According to page 3 of J. Jacod and A. Shiryaev's Limit Theorems for Stochstic Processes (2013),

Note that if $X$ and $Y$ are indistinguishable, one has $X_t = Y_t$ a.s. for all $t \in \mathbb{R}_+$, but the converse is not true. This converse is true, however, when both $X$ and $Y$ are càd, or càg.

Also, they define indistinguishablility in 1.10 of their book:

1.10 A random set $A$ is called evanescent if the set $\{ \omega: \exists{t \in \mathbb{R}_+} \text{ with }(\omega, t) \in A \}$ is $\mathbb{P}$-null; two $E$-valued processes $X$ and $Y$ are called indistinguishable if the random set $\{ X \neq Y\} = \{ (\omega, t): X_t(\omega) \neq Y_t (\omega) \}$ is evanescent, i.e. if almost all paths of $X$ and $Y$ are the same.

However, I'm confused that $X_t = Y_t $ a.s. for all $t \in \mathbb{R}_+$ does not imply indistinguishability. Is there any example to show that the converse is not true?

Here, what I have done.

"$X_t = Y_t $ a.s. for all $t \in \mathbb{R}_+$" exactly means

\begin{align*} &\mathbb{P} \left\{ X_t = Y_t \text{ for all } t \in \mathbb{R}_+ \right\} = 1 \\ \iff & \mathbb{P} \left\{ X_t = Y_t \text{ for all } t \in \mathbb{R}_+ \right\}^c = 0 \\ \iff & \mathbb{P} \left\{ \exists{t \in \mathbb{R}_+}\text{ such that } X_t \neq Y_t \right\} = 0. \end{align*} Since the event set $\left\{ \exists{t \in \mathbb{R}_+}\text{ such that } X_t \neq Y_t \right\}$ is the same for $\{ \omega: \exists{t \in \mathbb{R}_+} \text{ with } X_t(\omega) \neq Y_t(\omega) \}$, I think they should be equivalent. Is there any mistake that I have? For example, I may misunderstood the statement "$X_t = Y_t $ a.s. for all $t \in \mathbb{R}_+$" which is actually meaning that for every fixed $t \in \mathbb{R}_+$, $X_t = Y_t$ a.s. for each. In this case, the indistinguishability is "$X_t = Y_t $ for all $t \in \mathbb{R}_+$ a.s.".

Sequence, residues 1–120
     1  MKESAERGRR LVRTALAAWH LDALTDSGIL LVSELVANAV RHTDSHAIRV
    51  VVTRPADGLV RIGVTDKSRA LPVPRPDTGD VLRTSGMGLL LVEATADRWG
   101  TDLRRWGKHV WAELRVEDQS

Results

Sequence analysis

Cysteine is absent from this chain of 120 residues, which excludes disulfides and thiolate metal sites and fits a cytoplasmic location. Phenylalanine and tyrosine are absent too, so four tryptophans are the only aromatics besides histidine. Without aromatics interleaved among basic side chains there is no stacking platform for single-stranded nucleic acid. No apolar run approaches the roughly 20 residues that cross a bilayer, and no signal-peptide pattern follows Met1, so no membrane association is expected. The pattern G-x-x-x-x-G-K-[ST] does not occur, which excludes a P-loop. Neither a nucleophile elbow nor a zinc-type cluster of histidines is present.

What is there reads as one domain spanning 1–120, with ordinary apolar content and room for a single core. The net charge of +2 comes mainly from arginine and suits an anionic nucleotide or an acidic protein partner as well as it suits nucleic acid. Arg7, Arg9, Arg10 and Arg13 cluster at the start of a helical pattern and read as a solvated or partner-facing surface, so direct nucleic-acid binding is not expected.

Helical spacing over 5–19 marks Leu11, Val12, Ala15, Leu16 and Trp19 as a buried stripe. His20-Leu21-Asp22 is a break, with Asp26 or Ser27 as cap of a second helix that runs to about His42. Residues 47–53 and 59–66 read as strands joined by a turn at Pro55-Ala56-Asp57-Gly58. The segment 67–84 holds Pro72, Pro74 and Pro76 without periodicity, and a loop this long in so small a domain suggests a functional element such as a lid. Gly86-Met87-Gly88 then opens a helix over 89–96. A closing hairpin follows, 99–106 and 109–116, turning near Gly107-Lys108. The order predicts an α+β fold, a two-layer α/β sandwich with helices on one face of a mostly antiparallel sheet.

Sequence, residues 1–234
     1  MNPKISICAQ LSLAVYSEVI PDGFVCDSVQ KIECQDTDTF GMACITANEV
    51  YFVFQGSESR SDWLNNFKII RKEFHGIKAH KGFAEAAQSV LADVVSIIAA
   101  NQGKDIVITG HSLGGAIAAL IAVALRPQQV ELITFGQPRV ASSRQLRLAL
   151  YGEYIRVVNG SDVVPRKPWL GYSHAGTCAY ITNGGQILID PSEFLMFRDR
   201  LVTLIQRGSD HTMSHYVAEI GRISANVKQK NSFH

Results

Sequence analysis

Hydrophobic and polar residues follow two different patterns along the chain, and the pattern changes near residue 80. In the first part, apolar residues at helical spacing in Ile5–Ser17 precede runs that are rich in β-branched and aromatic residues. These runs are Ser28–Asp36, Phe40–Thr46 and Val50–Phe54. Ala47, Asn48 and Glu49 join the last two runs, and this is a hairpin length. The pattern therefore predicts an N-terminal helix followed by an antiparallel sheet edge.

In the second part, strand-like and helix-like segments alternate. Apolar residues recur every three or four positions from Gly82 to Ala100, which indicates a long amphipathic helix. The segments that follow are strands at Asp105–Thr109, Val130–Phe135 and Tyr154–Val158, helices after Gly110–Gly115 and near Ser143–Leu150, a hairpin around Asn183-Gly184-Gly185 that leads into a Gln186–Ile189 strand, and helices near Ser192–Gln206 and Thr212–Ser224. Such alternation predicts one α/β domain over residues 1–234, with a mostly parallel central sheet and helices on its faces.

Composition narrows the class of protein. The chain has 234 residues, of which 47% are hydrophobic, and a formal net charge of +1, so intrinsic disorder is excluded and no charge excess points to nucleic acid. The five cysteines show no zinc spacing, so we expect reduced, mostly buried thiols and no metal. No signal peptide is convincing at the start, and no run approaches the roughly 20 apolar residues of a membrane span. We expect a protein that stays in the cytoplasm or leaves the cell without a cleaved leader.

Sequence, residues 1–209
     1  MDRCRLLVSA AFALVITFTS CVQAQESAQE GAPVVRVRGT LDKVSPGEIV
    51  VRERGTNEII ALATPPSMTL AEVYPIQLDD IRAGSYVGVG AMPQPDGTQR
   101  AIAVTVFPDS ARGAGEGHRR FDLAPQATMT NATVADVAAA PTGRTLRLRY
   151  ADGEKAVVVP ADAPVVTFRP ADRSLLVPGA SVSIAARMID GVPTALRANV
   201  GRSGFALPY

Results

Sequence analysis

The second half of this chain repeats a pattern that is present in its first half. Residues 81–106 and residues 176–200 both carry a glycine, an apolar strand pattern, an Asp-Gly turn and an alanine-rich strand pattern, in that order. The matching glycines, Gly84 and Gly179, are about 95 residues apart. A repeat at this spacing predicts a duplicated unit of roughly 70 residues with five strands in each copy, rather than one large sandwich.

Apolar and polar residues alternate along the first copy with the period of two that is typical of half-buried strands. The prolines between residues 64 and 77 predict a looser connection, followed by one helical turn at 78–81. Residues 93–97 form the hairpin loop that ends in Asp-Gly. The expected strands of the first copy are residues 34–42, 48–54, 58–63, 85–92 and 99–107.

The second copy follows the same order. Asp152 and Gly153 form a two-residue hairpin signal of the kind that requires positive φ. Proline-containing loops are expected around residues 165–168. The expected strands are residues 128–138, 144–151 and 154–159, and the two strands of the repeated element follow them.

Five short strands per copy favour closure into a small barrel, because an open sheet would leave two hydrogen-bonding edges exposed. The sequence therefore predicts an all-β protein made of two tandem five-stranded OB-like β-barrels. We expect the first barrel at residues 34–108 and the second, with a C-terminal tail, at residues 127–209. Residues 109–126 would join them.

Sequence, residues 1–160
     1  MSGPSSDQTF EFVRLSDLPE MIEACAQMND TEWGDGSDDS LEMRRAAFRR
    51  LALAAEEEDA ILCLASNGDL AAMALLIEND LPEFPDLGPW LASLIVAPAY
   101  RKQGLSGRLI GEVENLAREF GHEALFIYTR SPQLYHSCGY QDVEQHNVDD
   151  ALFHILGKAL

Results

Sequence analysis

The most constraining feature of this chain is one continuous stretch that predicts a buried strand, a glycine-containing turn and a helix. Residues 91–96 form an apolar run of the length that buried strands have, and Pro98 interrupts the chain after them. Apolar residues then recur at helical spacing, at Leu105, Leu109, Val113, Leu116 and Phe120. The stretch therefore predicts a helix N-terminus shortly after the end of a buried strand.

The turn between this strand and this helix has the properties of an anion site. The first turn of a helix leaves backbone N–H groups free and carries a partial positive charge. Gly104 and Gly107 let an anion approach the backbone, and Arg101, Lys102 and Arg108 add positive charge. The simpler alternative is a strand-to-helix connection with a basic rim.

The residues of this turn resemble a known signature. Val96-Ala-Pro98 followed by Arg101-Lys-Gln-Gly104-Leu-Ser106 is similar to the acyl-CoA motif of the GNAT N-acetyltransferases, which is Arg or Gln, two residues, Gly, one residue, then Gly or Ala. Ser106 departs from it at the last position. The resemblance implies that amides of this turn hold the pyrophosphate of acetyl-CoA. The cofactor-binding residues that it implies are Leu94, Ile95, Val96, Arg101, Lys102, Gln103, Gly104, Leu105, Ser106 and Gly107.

1 Answer 1


My definition of indistinguishable for $X,Y$ is $P(\exists t \in T : X_t \ne Y_t) = 0$. More precisely is $\exists N \in \mathcal{A} : P(N) = 0$ and $\bigcup\limits_{t \in T} \{X_t \ne Y_t\} \subseteq N$.

An other definition I have is : $Y$ is a modification of $X$ if $\forall t \in T, \hspace{0.1cm} X_t = Y_t \hspace{0.1cm} P-a.s$

What is true is that $X,Y$ being indistinguishable implies that $X$ is a modification of $Y$ since $\forall t \in T \{ X_t \ne Y_t \} \subseteq \{\exists t \in T : X_t \ne Y_t\}$.

That being said the converse is not true, i.e modification doesn't imply indistinguishable, since you have the conterexample with $\Omega = ([0,1], \mathcal{B}(\mathbb{R}),\mathcal{L})$ and $X(x,t) = \begin{cases} 1 & x = t \\ 0 \end{cases}$ and $Y(x,t) \equiv 0$

I don't know wheter this answers you question, hope it helps.


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